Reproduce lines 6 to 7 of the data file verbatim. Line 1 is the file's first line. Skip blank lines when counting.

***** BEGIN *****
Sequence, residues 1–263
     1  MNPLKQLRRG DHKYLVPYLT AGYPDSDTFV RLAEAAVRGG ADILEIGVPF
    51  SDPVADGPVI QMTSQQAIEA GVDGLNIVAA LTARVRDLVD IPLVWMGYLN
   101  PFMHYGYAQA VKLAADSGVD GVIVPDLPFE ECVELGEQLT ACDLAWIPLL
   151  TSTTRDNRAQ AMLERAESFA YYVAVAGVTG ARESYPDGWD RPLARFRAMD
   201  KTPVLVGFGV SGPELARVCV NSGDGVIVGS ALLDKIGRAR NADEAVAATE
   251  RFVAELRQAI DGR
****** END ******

   201  KTPVLVGFGV SGPELARVCV NSGDGVIVGS ALLDKIGRAR NADEAVAATE
   251  RFVAELRQAI DGR